Breast Cancer Awareness Month – The Race is On!

Breast Cancer Awareness Month is Upon Us!
Breast Cancer Awareness Month is Upon Us!

It’s October again, and the stadium lights are shining bright at the local high school. College game day is every Saturday, and pumpkin spice is served at Starbucks. I also see a lot of pink, signifying breast cancer awareness month is here!

20 Years of Supporting the Fight Against Breast Cancer

I was asked to speak at the local Susan G. Komen and American Cancer Society kickoff event in preparation for the annual Race For The Cure. I had walked in every breast cancer walk for the last 20 years until a few years ago when the event was canceled due to COVID. I even participated in the Susan G Komen 60-mile walk in 2014. Race For The Cure is back this year with all of its fanfare! The fundraising has begun, and the pink ribbons are here.

I approached the desk at the kickoff event, and the first thing I was asked was if I was a survivor. I don’t remember being asked that before.  I hesitated and then said yes. They gave me a survivor’s sash, much like the one Miss America wears, so that everyone can identify you as such. I hung my survivor sash on the back of my chair and later had my husband carry it to the car.

My Diagnosis Story

In October 2019, I was diagnosed with breast cancer and treated with bilateral mastectomies. I am considered cured. I didn’t feel like much of a survivor. The woman who spoke before me had very aggressive stage 4 cancer, so she had aggressive chemotherapy, radiation, and surgery. She fought the hard fight, and she is a survivor.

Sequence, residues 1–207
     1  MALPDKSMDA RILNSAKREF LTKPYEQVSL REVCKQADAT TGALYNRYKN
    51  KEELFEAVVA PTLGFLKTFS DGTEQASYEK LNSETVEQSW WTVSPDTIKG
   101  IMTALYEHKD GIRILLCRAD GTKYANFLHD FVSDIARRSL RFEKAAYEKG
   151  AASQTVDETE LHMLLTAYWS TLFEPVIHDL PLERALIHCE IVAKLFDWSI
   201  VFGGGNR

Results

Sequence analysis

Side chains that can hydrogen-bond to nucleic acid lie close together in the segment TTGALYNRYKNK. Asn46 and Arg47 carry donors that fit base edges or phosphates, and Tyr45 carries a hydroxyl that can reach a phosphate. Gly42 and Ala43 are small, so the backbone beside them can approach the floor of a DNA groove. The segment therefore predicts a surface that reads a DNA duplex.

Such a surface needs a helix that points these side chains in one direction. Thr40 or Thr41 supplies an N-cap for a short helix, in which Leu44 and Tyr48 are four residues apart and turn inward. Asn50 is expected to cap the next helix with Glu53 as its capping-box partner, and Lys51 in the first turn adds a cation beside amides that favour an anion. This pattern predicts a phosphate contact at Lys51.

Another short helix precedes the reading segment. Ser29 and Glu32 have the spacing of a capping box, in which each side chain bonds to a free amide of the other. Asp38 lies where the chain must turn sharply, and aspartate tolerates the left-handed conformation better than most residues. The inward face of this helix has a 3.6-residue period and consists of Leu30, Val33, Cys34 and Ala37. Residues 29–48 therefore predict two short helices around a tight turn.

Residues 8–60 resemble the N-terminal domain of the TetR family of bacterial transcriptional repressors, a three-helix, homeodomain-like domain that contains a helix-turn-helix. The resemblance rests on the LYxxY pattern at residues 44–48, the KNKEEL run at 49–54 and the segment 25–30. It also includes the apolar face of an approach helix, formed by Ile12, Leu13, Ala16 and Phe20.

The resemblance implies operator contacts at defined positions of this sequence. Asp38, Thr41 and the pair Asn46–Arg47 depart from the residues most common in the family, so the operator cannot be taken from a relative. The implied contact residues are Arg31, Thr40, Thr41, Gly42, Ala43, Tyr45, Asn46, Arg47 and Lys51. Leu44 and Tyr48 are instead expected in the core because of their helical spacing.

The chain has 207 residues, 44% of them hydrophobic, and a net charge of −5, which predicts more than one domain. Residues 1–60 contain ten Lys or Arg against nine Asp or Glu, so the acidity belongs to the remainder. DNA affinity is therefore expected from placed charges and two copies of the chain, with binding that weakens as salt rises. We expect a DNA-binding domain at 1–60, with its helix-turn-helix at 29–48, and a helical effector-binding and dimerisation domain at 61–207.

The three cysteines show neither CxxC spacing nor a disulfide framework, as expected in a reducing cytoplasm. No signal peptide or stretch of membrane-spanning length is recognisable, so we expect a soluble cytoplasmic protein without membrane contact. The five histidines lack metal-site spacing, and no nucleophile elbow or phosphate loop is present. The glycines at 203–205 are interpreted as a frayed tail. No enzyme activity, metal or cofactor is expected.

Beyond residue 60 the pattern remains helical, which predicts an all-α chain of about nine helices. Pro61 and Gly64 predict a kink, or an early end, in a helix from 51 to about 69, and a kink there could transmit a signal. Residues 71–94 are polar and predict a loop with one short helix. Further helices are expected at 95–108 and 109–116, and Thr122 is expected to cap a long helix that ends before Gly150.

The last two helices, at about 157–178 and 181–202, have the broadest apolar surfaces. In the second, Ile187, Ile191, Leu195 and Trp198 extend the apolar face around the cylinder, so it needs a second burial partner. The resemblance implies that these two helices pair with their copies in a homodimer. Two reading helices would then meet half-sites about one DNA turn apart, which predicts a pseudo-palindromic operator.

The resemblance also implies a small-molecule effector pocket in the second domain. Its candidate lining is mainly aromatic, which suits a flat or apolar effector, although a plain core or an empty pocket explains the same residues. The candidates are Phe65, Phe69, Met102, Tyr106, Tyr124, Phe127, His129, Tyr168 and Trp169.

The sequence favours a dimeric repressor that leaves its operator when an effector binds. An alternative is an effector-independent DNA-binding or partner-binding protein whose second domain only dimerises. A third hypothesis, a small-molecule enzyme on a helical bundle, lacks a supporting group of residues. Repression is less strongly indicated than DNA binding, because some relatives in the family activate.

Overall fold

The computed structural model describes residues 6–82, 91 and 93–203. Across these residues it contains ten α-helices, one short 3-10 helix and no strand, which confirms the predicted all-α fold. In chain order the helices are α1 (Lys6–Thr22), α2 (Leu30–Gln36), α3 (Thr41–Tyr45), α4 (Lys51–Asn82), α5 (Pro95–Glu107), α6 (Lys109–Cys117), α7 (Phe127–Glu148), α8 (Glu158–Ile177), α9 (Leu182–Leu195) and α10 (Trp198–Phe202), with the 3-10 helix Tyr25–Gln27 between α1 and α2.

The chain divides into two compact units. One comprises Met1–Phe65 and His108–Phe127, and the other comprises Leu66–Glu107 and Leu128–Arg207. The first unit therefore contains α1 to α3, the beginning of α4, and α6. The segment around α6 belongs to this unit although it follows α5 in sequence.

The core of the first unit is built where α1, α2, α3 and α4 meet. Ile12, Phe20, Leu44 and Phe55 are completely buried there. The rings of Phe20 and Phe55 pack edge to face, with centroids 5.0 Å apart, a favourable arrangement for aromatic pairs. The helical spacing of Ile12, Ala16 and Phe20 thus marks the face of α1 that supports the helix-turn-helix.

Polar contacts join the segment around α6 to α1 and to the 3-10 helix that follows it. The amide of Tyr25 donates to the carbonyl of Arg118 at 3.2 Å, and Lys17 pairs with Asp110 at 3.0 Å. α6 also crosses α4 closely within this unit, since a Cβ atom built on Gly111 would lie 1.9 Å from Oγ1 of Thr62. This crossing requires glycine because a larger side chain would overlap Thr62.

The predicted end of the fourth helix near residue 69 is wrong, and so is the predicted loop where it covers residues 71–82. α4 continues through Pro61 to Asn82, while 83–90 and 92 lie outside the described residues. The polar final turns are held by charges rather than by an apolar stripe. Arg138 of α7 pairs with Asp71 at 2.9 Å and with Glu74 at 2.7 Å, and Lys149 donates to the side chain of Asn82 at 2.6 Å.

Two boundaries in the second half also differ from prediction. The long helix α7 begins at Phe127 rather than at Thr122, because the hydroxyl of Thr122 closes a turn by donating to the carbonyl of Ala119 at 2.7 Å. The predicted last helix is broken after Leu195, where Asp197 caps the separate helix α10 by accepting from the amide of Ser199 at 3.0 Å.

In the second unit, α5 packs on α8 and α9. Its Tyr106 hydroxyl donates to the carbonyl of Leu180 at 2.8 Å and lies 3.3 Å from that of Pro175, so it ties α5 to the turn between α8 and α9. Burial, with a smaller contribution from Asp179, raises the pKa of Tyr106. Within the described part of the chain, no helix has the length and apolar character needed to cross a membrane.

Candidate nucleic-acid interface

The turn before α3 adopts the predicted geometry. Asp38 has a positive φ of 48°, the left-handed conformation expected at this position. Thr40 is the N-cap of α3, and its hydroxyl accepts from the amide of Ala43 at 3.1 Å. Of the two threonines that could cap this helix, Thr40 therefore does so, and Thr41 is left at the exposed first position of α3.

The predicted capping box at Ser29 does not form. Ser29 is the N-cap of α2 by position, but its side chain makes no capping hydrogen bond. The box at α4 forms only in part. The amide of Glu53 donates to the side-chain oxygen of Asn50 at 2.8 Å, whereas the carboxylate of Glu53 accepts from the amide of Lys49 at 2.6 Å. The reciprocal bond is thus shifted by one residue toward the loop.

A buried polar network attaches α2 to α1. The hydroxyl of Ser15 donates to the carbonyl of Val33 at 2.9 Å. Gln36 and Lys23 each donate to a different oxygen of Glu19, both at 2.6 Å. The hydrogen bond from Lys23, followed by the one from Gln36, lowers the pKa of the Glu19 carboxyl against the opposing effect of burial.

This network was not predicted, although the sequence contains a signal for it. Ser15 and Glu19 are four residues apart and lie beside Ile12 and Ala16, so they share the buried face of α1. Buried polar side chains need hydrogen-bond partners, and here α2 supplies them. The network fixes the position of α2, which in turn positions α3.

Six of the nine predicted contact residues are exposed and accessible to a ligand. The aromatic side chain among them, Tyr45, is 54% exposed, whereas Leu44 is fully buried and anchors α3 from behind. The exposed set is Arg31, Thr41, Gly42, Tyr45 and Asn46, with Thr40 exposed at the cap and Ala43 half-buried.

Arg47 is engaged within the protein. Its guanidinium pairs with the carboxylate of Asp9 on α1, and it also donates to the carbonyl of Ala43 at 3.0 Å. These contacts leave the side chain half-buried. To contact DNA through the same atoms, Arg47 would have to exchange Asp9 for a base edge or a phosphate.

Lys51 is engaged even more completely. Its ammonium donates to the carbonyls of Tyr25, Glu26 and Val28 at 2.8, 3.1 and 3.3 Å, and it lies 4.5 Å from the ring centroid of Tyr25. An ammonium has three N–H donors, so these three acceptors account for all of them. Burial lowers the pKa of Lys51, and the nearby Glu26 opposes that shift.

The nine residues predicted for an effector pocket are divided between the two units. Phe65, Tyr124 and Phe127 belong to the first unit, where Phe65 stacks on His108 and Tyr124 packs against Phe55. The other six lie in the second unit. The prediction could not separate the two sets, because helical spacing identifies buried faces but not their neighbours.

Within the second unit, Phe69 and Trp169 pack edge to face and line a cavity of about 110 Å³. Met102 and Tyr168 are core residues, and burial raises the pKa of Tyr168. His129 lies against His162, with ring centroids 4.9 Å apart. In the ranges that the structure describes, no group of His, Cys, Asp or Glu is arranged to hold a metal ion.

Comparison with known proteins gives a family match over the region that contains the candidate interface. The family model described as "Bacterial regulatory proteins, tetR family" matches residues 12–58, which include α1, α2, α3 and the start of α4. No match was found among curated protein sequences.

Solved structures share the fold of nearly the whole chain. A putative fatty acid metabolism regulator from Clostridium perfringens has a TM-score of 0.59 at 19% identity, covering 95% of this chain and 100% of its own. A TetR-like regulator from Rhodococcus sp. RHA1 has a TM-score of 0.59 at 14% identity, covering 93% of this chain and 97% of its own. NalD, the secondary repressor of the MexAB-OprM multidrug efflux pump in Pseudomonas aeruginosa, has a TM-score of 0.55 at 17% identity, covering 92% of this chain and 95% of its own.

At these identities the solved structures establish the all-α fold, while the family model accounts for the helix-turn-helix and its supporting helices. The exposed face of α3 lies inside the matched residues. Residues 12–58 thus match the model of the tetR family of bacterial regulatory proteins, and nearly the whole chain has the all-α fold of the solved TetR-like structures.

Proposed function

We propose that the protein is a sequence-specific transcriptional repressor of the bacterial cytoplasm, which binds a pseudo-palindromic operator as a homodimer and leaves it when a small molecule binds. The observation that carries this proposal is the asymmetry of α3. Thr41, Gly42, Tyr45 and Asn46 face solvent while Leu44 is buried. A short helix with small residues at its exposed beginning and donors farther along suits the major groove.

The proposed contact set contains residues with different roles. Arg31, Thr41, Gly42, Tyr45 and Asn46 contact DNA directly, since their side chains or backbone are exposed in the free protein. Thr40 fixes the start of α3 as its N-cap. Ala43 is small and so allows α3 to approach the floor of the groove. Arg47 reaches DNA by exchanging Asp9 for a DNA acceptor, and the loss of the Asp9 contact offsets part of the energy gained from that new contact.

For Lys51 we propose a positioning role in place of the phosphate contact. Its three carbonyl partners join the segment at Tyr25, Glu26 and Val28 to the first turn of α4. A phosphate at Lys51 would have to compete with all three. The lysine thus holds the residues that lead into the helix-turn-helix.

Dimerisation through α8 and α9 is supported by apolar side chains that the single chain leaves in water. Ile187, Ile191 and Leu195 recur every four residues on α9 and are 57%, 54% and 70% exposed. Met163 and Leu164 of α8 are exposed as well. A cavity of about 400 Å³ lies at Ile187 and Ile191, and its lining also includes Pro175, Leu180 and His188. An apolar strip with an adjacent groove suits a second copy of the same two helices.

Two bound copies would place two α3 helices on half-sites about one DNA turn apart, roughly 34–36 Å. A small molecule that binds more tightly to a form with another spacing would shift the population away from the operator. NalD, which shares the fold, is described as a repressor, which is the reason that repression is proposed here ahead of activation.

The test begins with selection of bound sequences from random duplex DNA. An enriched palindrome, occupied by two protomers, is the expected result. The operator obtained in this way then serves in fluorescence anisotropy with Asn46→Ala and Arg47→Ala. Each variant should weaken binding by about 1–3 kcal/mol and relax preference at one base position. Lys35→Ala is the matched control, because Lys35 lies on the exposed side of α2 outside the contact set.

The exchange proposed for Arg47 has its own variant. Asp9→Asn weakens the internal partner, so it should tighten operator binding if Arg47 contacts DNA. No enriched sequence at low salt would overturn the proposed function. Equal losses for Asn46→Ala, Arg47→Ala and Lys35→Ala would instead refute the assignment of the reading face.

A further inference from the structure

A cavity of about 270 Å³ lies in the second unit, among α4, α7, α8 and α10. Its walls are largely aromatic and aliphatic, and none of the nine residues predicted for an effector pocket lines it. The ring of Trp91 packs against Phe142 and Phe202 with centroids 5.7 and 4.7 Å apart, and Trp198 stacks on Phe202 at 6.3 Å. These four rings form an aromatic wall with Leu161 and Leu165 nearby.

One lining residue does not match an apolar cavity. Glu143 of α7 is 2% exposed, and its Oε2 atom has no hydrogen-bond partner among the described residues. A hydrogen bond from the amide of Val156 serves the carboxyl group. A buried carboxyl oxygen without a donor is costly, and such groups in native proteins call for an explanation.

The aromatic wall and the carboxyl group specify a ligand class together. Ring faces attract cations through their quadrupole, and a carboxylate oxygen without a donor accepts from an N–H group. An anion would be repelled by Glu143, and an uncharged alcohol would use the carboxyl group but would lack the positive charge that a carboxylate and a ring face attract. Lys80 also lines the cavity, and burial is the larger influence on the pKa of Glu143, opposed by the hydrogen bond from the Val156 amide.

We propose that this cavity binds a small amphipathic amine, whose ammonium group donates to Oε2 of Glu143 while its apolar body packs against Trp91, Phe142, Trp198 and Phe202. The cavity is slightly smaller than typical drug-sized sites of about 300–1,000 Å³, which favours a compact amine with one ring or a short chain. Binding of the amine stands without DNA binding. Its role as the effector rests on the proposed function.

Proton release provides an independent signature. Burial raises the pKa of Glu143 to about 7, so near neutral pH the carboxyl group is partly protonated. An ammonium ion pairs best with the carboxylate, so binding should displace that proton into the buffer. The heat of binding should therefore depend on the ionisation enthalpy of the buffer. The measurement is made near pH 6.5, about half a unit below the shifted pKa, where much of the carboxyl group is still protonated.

In contrast, my cancer was found on a mammogram, with microscopic calcifications in a suspicious pattern. No mass was felt. I did not require chemotherapy or radiation. I was lucky to catch mine at the earliest stage possible. For me, the mammogram saved me from the harsher treatment. That is not the case for everyone.

Gynecologist Turned Survivor

As a gynecologist, I have spent my career counseling women on the importance of mammograms, self-breast exams, and clinical exams yearly. I have also counseled women on their risk factors and the best available screening choices. Now when I have to give someone the news that they have breast cancer, I can also tell them I have been there. I can answer challenging questions based on my experience.

Maybe that makes me a survivor. I’ll be walking the first breast cancer walk in a few years this month—the first one since my diagnosis.  The Woman’s Clinic has a team, and we are busy fundraising. I hope you will all come out and walk with us. I will be the one with the sash emblazoned with “Survivor.”

To walk with The Woman’s Clinic at the American Cancer Society walk on October 29th, click here:

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